BUSINESS UK house prices see largest monthly fall in May since 2009: survey

BUSINESS

UK house prices see largest monthly fall in May since 2009: survey

Xinhua

02:35, June 03, 2020

UK CGTN.jpg

(Photo: CGTN)

LONDON, June 2 (Xinhua) -- Britain's average house price saw the largest monthly fall in May 2020 since February 2009, as lockdown restriction impacted heavily on housing market amid the COVID-19 pandemic, mortgage lender the Nationwide Building Society said Tuesday.

The average house price across Britain in May was 218,902 pounds (about 275,016 U.S. dollars), dropping by 1.7 percent compared with the same month a year earlier, said the Nationwide in its House Price Indices.

"Housing market activity has slowed sharply as a result of the measures implemented to control the spread of the virus," said Robert Gardner, Nationwide's chief economist.

Meanwhile, the annual rate of house price growth in May slid to 1.8 percent, down from 3.7 percent in April.

"Behavioural changes and social distancing are likely to impact the flow of housing transactions for some time," said the mortgage lender in its report, adding that "most viewed the current situation as a temporary pause in the market, with would-be buyers now planning to wait six months on average before looking to enter the market."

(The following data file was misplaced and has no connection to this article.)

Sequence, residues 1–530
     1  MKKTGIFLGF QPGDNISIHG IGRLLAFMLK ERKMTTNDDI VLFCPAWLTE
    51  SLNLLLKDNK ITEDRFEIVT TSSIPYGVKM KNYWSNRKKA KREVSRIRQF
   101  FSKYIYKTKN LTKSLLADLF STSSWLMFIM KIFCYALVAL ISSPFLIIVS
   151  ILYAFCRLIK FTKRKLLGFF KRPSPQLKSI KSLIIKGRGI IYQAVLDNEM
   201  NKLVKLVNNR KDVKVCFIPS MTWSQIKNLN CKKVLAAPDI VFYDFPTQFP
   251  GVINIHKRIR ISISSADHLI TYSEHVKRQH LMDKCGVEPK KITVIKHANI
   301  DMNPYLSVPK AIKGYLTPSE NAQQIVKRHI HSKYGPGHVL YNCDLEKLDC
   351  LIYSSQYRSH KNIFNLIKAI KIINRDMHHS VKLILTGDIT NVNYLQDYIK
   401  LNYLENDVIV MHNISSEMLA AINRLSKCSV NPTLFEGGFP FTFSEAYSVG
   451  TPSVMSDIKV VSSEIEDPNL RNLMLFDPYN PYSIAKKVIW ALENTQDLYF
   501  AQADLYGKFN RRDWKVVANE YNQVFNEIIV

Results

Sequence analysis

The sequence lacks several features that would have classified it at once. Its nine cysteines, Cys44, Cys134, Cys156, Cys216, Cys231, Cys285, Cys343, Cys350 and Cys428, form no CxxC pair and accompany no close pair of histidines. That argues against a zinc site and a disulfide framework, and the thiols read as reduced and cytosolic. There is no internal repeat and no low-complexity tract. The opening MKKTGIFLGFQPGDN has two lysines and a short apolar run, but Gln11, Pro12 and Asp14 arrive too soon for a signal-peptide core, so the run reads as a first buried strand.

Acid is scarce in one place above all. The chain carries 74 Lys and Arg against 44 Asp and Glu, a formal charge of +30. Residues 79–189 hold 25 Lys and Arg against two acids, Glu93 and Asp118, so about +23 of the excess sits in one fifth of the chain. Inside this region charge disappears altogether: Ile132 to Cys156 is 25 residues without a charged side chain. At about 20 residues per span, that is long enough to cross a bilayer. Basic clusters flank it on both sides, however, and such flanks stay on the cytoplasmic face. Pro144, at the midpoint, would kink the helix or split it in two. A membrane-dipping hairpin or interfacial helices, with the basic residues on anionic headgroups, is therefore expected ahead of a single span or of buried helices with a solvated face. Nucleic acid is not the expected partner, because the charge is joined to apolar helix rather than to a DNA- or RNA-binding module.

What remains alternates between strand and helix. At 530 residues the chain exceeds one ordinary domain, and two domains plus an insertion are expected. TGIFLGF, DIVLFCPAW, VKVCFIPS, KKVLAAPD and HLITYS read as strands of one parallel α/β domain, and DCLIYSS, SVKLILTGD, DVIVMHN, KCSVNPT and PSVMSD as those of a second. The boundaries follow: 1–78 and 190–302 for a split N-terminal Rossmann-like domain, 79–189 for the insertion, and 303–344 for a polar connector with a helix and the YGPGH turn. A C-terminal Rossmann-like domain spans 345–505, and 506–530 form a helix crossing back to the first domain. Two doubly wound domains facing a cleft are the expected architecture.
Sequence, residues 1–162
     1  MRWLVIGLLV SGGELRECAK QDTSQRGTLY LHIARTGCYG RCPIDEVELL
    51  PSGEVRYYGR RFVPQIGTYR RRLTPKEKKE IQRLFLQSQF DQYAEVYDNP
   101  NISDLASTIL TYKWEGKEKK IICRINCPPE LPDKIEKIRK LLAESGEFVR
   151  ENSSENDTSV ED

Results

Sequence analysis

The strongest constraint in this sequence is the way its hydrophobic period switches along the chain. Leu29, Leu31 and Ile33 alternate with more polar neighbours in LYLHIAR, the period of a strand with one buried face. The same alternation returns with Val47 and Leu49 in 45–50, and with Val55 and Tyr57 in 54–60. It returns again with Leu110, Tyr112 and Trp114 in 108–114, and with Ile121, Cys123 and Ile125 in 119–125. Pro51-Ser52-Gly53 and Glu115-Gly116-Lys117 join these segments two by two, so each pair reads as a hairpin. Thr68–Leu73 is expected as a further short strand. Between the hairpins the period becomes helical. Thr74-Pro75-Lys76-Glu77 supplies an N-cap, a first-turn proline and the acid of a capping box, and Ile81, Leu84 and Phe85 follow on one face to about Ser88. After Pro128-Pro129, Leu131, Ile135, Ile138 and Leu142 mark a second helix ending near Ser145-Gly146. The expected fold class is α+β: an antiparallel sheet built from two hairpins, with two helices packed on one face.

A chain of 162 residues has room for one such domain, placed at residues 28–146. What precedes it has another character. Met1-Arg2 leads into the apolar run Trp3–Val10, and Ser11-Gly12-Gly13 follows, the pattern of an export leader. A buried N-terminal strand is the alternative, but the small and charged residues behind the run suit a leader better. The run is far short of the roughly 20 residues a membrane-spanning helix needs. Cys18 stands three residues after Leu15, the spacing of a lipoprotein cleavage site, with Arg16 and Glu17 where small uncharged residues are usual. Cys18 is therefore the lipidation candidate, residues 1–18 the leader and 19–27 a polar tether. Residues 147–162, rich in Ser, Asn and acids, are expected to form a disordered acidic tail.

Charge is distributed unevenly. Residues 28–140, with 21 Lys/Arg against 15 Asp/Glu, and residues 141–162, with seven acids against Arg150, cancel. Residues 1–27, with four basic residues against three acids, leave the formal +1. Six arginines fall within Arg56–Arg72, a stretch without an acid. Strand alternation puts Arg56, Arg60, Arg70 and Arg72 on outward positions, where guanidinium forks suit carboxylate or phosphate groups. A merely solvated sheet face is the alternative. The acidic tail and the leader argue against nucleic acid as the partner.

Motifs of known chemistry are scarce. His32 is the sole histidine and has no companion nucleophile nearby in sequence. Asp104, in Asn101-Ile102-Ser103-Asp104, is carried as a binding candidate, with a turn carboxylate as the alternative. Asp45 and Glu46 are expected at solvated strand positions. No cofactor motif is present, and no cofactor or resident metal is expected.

At the same time, the number of mortgage approvals for house purchase plummeted to around 15,800 in April 2020, with nearly 80 percent below the February level, hitting the lowest since the series began in 1993, said a report issued by the Bank of England Tuesday.

"Weakness in the housing market associated with COVID-19 was reflected in weak mortgage market activity in April," said the contral bank.

"Low transaction levels may still make gauging price trends difficult in the coming months -- especially for regional indices, which by their nature have lower sample sizes," said Gardner.

According to the Nationwide, the medium-term outlook for the housing market remains "highly uncertain" and will highly depend on the performance of the wider economy.

"However, the raft of policies adopted to support the economy, including to protect businesses and jobs, to support peoples' incomes and keep borrowing costs down, should set the stage for a rebound once the shock passes, and help limit long-term damage to the economy," said the Nationwide.


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